Over fertilising your passionfruit vine will result in plenty of lush green foliage but lazy flowers that fall off and do not fruit. We recommend fertilising your Nellie Kelly Passionfruit vine twice a year. Once in early spring after pruning, and again in autumn when fruiting has finished. Be wary of planting your vines too close to septic tanks or compost sites where they may have access to excess ‘food’. Applying rich compost to your vine can also count towards fertilising.
2. A lack of bees
Bees are required to cross-pollinate passionfruit flowers before fruit can form. Planting lavender near your Nellie Kelly will attract bees to your garden and increase your chances of fruit. Unfortunately, in many metropolitan areas urban sprawl has reduced bee activity and increasingly it is the gardener’s job to cross-pollinate.
To play the part of the absent bee, pick a flower from your vine and touch it to the other flowers using a downward swiping motion. This transfers pollen from one flower to the other and is best done at mid-morning.
When a passionfruit vine has lots of foliage but no flowers, insufficient pruning at the start of spring is usually the problem. When a vine is pruned correctly there will be abundant flowers on the new year’s growth. Flowers and fruit will not form on old growth.
Ants in your flowers are no good. Kill them off with an organic insecticide like ‘Pyrethrum’ before they can do any damage.
Yellowing leaves on a passionfruit vine are usually caused by a lack of iron and nitrogen in the soil. A good feed of blood and bone or aged chicken manure will rectify this problem. ‘Winter yellows’ can also be brought on by cold weather, windy conditions or low humidity.
An aphid infestation will cause leaves to curl and can send leaves yellow as the insects suck nutrients from the vine. Spray leaves with an organic insecticide like ‘Pyrethrum’.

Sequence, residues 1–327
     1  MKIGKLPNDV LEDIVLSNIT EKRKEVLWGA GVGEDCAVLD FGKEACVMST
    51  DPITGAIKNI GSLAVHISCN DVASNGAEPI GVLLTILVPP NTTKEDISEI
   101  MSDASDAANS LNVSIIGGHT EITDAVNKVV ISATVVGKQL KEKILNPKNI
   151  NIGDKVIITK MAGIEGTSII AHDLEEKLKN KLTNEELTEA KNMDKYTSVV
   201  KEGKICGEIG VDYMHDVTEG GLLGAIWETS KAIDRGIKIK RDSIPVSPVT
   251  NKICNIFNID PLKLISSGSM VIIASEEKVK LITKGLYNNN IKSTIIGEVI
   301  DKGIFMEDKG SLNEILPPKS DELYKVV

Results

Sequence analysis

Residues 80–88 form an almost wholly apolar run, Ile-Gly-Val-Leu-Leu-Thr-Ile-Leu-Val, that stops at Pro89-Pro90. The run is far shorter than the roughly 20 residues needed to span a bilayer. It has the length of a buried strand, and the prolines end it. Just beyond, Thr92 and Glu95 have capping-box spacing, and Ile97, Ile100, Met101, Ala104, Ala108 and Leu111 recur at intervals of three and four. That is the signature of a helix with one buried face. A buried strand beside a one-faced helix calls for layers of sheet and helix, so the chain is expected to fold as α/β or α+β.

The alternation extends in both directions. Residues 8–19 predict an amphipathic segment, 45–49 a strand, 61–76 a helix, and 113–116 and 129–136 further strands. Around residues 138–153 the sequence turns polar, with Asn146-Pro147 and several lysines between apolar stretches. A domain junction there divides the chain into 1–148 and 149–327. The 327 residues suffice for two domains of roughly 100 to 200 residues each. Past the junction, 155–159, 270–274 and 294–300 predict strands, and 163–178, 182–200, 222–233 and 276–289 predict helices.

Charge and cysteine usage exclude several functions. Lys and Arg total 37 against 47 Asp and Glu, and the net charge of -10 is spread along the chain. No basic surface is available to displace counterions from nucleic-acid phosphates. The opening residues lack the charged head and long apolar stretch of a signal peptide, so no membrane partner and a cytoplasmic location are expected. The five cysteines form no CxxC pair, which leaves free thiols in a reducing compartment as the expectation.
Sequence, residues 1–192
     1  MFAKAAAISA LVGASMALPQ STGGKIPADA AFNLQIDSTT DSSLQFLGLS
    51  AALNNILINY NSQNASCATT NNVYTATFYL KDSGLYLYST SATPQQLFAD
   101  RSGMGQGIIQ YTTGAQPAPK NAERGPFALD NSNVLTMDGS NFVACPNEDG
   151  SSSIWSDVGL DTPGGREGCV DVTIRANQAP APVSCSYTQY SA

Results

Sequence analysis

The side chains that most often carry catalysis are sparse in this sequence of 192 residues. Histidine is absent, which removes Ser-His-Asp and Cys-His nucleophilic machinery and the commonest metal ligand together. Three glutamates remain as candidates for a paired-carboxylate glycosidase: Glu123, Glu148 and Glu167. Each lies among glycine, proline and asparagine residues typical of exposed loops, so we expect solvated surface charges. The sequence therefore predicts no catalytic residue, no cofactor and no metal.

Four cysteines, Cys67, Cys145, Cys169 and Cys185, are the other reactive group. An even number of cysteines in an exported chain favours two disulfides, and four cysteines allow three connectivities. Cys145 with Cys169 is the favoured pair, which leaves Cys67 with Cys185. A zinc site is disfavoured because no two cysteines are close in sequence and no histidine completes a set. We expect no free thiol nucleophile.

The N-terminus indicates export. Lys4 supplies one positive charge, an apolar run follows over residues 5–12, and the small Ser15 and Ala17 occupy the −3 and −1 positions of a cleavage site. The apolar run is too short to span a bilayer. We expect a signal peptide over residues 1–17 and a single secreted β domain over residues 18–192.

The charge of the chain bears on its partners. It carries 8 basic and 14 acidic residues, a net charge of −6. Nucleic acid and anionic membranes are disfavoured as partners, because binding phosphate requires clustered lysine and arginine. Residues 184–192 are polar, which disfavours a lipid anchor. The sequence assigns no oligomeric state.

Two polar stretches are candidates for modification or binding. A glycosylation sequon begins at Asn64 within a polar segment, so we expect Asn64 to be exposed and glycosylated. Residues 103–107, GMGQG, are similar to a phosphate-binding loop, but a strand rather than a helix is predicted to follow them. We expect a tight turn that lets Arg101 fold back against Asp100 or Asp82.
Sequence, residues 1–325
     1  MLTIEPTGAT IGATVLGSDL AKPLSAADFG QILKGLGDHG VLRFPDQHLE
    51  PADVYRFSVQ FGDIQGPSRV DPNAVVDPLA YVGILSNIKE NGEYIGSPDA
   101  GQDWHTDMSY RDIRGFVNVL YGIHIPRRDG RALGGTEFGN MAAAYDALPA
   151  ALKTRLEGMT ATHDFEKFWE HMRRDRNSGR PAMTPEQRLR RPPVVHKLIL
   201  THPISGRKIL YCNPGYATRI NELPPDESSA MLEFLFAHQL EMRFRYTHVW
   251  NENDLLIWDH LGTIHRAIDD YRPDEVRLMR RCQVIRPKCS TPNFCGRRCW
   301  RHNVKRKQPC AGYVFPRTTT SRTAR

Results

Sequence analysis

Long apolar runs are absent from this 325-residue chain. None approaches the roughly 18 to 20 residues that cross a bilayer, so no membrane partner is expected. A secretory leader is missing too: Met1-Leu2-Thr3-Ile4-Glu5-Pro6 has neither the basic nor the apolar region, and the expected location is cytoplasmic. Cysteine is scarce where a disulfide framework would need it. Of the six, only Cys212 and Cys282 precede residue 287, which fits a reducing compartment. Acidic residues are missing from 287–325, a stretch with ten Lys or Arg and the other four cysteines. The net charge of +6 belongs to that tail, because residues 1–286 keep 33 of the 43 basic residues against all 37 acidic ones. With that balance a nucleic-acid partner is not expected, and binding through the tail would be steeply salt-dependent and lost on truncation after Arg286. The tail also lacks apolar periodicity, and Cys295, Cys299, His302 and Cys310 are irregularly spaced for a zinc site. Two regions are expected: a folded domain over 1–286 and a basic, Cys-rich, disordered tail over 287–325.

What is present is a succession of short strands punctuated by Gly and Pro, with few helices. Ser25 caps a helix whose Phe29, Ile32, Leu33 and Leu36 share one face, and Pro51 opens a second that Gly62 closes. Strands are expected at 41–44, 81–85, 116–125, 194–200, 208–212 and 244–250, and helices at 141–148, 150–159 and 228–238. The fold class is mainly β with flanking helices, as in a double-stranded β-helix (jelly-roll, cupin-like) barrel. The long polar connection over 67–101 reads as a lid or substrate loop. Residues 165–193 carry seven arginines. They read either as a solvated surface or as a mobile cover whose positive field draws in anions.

The blue passionfruit rootstock used by Nellie Kelly has a much thinner foliage than the black passionfruit, with brilliant blue flowers and soft-skinned, oval fruit that are orange with red pips. If this sounds like your passionfruit vine, then your rootstock has taken over. While the fruit is edible, it has very little pulp and a far tarter taste.
It is essential to remove any growth that appears below the graft, especially in the first 3 months after planting. Use a sharp blade or knife to cut off the growth, as this blinds the offending shoot and prevents any further growth from that site. Never tear or pull the growth off as this will cause multiple shoots to appear.
Sometimes in coarse or sandy ground the fibrous root system of the grafted passionfruit vine will fracture and send up a sucker. Coarse ground can be caused by such things as pets digging around the base of your vine or the neighbour’s renovations disturbing the roots. These suckers may appear many metres away from the base of the vine, often in the middle of your garden bed or lawn. Passionfruit vines planted in pots will also sucker very badly.
As with shoots below the graft, cutting the sucker with a sharp knife will blind this point and prevent further suckers from appearing here again. Never pull or tear the suckers out as this will fracture the root system and cause multiple suckers to grow at this site.
If the suckers are out of control across your garden or the neighbour’s, the best solution is to cut the growth off at ground level and topically apply a weed killer to the cut sites. Be careful when doing this to suckers too close to the original vine (i.e. less than 10cm away) as you run the risk of killing the whole vine.